et, this may not be seen as an artistic ‘problem’ to the extent that artists argue that they seek to bring something into this world, not to ‘depart’ from this world to the spiritual realm. In that regard, white colour, which shines bright amidst darker hues, can be seen as a way of bringing spiritual qualities to our reality. To use an old analogy – to shine the light colour against the darker ones. The need of a dark hue for the white to be visible is notable in another Vaara work, his Wet Paint Handshakes (2008; fig. 61). In this work Vaara tries to transfer the qualities of the white hue to the audience who shake his hand which had been dipped in white colour, and yet Vaara ( para. 10) admits to the need for a dark background:
‘I wear black tuxedo… and the contrast between the black and white makes the performance visually prominent. After each handshake I wipe the white paint off my hands on my black tuxedo, so the tuxedo becomes ‘dirty’ with white.’
It is interesting that the artist feels a need to use two opposing hues that contradict each other, and yet complement and support one another and create something new, for example, a new view on dirt, as Vaara explains: the tuxedo becomes dirty, yet ‘dirty’ with white. The purity of white is brought down, so to speak, even into dirt. White colour with its purity is used by the artist as a symbol that purifies the physical world.
I see the works of Piet Mondrian as a way forward with the use of light colours. I consider his work as an attempt to express qualities of white not by layering white against other colours, but rather by layering other colours against white. Basic colours of red, yellow and blue are layered within black grid bars against white, as can be seen in the work Composition 10 (1939-1942) (fig. 62).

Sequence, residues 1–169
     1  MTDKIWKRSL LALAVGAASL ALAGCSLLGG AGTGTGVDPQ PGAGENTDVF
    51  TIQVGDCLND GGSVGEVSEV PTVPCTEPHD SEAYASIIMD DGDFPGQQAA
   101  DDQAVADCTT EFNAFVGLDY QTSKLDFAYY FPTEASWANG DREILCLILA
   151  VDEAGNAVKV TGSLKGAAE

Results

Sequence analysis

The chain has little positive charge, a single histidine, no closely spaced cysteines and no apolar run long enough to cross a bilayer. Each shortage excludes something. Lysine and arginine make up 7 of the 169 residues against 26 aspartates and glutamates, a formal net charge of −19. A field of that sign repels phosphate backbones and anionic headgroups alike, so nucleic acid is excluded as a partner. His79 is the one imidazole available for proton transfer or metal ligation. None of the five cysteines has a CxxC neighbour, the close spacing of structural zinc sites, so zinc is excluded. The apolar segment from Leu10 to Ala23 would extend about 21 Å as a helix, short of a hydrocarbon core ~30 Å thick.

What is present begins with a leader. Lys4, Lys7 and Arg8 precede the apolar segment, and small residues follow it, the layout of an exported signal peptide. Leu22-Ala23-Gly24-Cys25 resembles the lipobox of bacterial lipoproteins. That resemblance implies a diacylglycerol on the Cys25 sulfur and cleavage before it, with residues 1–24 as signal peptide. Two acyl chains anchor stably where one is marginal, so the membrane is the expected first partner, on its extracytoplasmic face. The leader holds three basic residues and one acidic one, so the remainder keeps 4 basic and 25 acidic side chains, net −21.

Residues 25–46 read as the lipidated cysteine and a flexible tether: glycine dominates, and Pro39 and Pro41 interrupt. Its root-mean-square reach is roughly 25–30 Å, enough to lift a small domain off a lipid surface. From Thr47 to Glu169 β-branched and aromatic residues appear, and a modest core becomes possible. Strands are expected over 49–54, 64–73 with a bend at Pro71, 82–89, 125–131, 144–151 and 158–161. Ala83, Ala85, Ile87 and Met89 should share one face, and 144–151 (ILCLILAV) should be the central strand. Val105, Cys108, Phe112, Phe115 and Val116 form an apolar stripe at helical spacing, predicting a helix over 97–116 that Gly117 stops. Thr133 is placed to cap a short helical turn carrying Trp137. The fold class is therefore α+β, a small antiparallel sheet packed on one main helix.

In my view the colours and the black grid stand as representation of the physical reality, through which we can peer at the white behind. The peering at the spiritual through the physical in the works of Mondrian does not consist of looking through glasses or a telescope, so to speak, but rather looking through a microscope. Mondrian’s work seems to me as if one looks at a blood cell through a microscope, where patters of physical cells are abstracted into geometrical shapes. The white that is revealed is the spiritual within the blood of people, within us. Mondrian’s own arguments can support my view. Mondrian (Mondrian, Holtzman, & James, 1993: 14) explains that the more basic a colour is, the more inwards and pure its expression. In that respect white shows us the purity which is inside of us, and not necessarily external to us. It can also be viewed as a simple grid, or formula, through which we can connect to our own inner creativity.
Likewise, I have attempted to externalise the inner feeling of purity through poems written and performed as part of an art event in Southampton (August 2007). A video camera was filming the event, yet it stood on a tripod in a bad position, resulting in low-quality footage. When I decided to make a film of the footage, I realised that I would need to create many visuals to replace parts of the footage, and decided on creating visuals consisting of white space into which graphic words will appear. The words are the text of the poems, and they appear one after the other in synchronicity with the spoken words of the poems, resulting in an independent composition of an image (fig. 63).
While Mondrian’s work can be seen as an attempt to look into the inner essence of people, the white DNA so to speak, my work attempts to bring out the messages from within that DNA, to externalise the words that are within the white DNA, allowing them to emerge.
My premise would be that abstract shapes are seen by artists as universal forms that are not bound to a specific culture. Abstractions serve as a flexible tool to capture the inner essence, allowing for a free flow of ideas within a shape that is not fixed to a convention or tradition, but rather it is pure. Purity brings with it light and white colours, as a carrier of inner essence that artists seek to bring forward into our reality.
I suggest that the vehicle that is used for this bringing forward, or movement of an inner idea, is the use of vivid and transparent colours.